Hungary: Latest working life developments – Q1 2017
A 15% increase in the minimum wage (25% for skilled workers) and the continuing restructuring of education and public works programmes are the main topics of interest in this article. This country update reports on the latest developments in working life in Hungary in the first quarter of 2017.
Impact of wage increases
From 1 January, the statutory minimum wage was increased by 15% with a 25% increase for qualified, skilled workers. This was a result of the multiannual wage agreement signed in December 2016. These unprecedented increases have had a fundamental impact on the overall wage scene and brought about two parallel debates.
In the private sector, a survey – predominantly among small and medium enterprises (SMEs) – by political analysts the Policy Agenda revealed that 43% of managing directors foresee closures due to the wage rises.
In the public sector, although wage negotiations have not yet finished at all the state-owned utility companies, it appears that, based on the government’s announcement, workers at these companies will see their wages rise by 30% on average, in stages, until 2019. Workers and their unions at local government-owned utility services (such as the Budapest City Transport company) are putting forward similar wage claims, arguing that they should be treated the same, regardless of whether the financing is provided by central or decentralised public sources.
Review of public works programmes
On average, public works programmes employed 200,000–220,000 people every month in 2016 (approximately 5% of the total employment). However, the government has announced it will reconsider these programmes, after several complaints by private sector employers that they cannot find workers, partly due to public works.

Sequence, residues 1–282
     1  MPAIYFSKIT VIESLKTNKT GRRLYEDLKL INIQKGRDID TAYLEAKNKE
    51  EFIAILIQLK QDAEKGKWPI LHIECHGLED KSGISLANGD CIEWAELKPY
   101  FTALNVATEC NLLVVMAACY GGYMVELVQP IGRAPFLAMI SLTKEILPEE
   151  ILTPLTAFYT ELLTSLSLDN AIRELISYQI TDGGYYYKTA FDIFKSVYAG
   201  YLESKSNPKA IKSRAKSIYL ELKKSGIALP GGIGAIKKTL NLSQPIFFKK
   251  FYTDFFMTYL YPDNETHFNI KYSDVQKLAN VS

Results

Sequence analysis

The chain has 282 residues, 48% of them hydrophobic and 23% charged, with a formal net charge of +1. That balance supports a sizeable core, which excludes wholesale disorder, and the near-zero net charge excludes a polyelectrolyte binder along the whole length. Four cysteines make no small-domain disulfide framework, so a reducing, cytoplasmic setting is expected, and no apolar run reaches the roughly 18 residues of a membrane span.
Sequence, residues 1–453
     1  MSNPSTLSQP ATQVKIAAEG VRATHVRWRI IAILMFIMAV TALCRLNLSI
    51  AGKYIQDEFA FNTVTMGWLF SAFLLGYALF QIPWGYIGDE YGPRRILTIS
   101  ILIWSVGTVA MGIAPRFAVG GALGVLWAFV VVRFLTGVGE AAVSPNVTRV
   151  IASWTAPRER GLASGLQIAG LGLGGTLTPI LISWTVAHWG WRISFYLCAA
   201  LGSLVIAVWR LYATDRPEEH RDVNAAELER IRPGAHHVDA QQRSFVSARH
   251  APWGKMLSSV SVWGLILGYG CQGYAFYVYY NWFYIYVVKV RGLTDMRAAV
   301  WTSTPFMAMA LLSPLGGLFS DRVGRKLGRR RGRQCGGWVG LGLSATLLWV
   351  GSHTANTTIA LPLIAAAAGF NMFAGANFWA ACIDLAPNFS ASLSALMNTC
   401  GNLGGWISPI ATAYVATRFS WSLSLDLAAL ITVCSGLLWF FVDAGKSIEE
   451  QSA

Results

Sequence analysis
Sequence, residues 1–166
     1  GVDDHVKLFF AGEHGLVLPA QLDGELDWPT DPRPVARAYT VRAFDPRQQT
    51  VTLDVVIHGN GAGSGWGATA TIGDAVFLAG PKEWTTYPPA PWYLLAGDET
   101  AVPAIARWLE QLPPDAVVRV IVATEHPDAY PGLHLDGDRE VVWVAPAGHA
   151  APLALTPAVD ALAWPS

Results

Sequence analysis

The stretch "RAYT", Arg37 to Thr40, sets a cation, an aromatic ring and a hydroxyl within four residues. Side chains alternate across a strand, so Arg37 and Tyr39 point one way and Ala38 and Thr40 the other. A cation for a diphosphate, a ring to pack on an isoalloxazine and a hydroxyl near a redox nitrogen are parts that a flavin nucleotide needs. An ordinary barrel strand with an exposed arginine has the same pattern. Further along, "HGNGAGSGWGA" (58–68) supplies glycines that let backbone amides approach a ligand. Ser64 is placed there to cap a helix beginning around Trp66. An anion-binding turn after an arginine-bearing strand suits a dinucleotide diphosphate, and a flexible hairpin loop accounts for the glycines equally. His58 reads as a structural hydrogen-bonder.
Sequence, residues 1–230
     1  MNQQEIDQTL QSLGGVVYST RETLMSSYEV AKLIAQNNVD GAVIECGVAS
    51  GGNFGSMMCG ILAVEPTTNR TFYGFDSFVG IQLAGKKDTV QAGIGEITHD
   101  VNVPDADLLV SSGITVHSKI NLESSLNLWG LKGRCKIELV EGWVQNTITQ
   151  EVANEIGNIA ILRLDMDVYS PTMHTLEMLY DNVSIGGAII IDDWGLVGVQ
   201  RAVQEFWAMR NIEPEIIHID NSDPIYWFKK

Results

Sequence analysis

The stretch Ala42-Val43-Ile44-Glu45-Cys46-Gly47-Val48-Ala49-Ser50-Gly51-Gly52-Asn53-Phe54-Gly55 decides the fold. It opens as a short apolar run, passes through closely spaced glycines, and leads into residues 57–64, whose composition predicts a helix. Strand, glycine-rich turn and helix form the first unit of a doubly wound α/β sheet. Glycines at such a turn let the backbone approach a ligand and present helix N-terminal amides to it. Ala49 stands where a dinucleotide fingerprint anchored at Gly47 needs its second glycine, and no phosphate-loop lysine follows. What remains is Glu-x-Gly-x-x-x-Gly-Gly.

One plan is to employ workers in public work for only one year, instead of three, reducing the current workforce to 150,000 workers.
Furthermore, young people aged up to 25 would only be eligible for public works if the Youth Guarantee Programme could not offer them suitable job opportunities. Skilled workers with qualifications will have to wait three months before being selected for any public works. Within that period, Labour Offices are expected to do their best to find a job for them. Skilled people will be involved in public work programmes only if all these job search efforts fail.
New national core curriculum
In the past few years, the government has restructured various segments of the education system. It is now planning to lengthen primary education from eight grades to nine. The extra year is meant to bridge the compulsory nursery year and the current first year of the primary school in order to develop the basic skills of children. The overall objective of this measure is to join up all education levels from nursery to university in order to improve effectiveness. The new national core curriculum is being prepared, although there is as yet no consensus within the government on when the nine-grade primary school system will be introduced.
The consultation on the content of the national core curriculum is expected to finish by mid-April and the actual development of the curriculum is expected to be completed by September. Zoltán Balogh, Minister for Human Resources, has announced 2017 as the starting year of the new system. At the same time, László Palkovics, the State Secretary for Education has forecast the launch for 2019, although he also indicated the possibility of introducing the system in several stages.
In the next quarter, the regulation of Sunday work in the retail sector will be raised once again. The budget, together with the tax laws, will be submitted to the government between late April and early May, and the debate on tax cuts will be on the agenda again.